Auto-Saving Screenshots on Test Failures & Other Capybara Tricks

Mike Ackerman, Former Senior Developer

Article Category: #Code

Posted on

Recently, when working on a JavaScript-heavy Backbone.js + Rails application, I spent a significant amount of time working with Capybara and the JavaScript driver Poltergeist for automated browser testing. After struggling with some specific asynchronous test steps, I stumbled across a great blog post detailing some effective asynchronous helper methods: wait_for_ajax, wait_for_dom, and the recently removed Capybara method wait_until. I ended up using a slightly modified version of wait_until that allows me to pass in a block that must return true:

 def wait_until
 require "timeout"
 Timeout.timeout(Capybara.default_wait_time) do
 sleep(0.1) until yield == true

wait_until { dom_element['class'].include? "is-active" }

While these asynchronous helper methods are great for assisting with finicky JS tests, I ran into some frustration when tests would fail on our Continuous Integration (CI) server (at Viget we use Jenkins). Tests involving JavaScript rely heavily on timing. It is fairly easy to have a test pass on your speedy development machine, only to have the test fail on CI either because it is running slower due to parallel builds happening or simply because of the timing of executing the assertions. Even after increasing the Capybara.default_wait_time setting, I was still getting seemingly random test failures.

After a few times ssh'ing into our Jenkins server, modifying the test to save a screenshot, and then scp'ing that file back to my machine in order to view it, I decided to try and automate this process. My first idea was to make a plugin that would automatically save a screenshot of a failing test and then email that image to a configurable set of receivers. After playing around with it a bit, I realized that you could just access the images hosted right on the CI server.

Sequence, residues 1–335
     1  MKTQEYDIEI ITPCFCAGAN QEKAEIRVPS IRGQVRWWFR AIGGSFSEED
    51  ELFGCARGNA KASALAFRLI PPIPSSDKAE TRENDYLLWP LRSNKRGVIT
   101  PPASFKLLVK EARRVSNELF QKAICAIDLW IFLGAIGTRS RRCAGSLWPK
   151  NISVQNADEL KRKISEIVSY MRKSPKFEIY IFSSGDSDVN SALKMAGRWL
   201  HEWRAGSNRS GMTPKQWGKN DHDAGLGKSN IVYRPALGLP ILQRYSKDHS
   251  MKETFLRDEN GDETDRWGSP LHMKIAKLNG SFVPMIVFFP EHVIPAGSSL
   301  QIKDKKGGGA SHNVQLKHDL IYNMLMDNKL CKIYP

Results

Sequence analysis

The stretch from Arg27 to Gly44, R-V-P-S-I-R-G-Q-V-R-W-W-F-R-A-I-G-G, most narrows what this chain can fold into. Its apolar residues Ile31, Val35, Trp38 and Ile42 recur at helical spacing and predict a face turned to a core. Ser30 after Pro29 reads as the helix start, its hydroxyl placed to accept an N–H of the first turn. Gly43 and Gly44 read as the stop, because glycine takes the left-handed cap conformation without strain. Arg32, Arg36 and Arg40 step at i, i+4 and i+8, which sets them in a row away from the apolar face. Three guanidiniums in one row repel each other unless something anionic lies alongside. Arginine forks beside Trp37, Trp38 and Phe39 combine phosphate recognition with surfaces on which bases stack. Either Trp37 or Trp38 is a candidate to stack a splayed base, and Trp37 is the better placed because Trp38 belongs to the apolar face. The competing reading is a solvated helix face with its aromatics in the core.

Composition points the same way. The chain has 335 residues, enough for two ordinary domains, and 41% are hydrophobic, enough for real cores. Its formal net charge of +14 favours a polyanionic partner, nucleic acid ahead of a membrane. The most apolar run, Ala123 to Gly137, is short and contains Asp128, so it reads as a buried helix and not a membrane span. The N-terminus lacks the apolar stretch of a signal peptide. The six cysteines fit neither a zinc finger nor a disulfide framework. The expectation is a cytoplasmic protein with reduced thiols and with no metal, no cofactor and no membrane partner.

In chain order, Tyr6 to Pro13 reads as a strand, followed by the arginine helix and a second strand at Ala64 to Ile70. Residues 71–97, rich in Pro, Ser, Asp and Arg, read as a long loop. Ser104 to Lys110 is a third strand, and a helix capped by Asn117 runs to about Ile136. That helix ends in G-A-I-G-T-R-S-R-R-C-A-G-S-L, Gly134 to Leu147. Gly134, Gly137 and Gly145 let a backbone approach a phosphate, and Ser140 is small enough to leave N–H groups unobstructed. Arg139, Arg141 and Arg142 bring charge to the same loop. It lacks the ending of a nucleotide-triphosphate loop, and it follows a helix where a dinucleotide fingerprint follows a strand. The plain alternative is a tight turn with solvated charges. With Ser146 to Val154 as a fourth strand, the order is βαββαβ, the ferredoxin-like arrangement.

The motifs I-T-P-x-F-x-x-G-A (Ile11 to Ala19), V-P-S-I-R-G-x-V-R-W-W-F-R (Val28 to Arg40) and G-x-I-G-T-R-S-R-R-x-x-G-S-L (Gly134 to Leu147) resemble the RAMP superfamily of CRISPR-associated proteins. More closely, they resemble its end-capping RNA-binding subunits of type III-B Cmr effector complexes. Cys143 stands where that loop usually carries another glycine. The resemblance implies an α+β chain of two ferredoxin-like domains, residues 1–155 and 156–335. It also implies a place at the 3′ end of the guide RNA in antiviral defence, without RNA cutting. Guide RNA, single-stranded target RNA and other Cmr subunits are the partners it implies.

This bit of code will automatically take a screenshot of a failing JavaScript test. I've decided to assert that the type of test is ':js => true' because the default Capybara driver (RackTest) does not support saving screenshots.

 RSpec.configure do |config|
 config.after(:each) do
 if example.exception && example.metadata[:js]
 meta = example.metadata
 filename = File.basename(meta[:file_path])
 line_number = meta[:line_number]
 screenshot_name = "screenshot-#{filename}-#{line_number}.png"
 screenshot_path = "#{Rails.root.join("tmp")}/#{screenshot_name}"


 puts meta[:full_description] + "\n Screenshot: #{screenshot_path}"

Now when a finicky JavaScript test fails on Jenkins, the auto-emailed report includes a URL to the saved screenshot:

I was pleasantly surprised to find that Jenkins converts a path from the console output into a convenient URL.

This allows me to simply click the provided link to see what is happening in the browser, which has been an immense time-saver in diagnosing failing tests.

What kind of tricks do you use for asynchronous browser tests and/or debugging them? Please leave a comment below!

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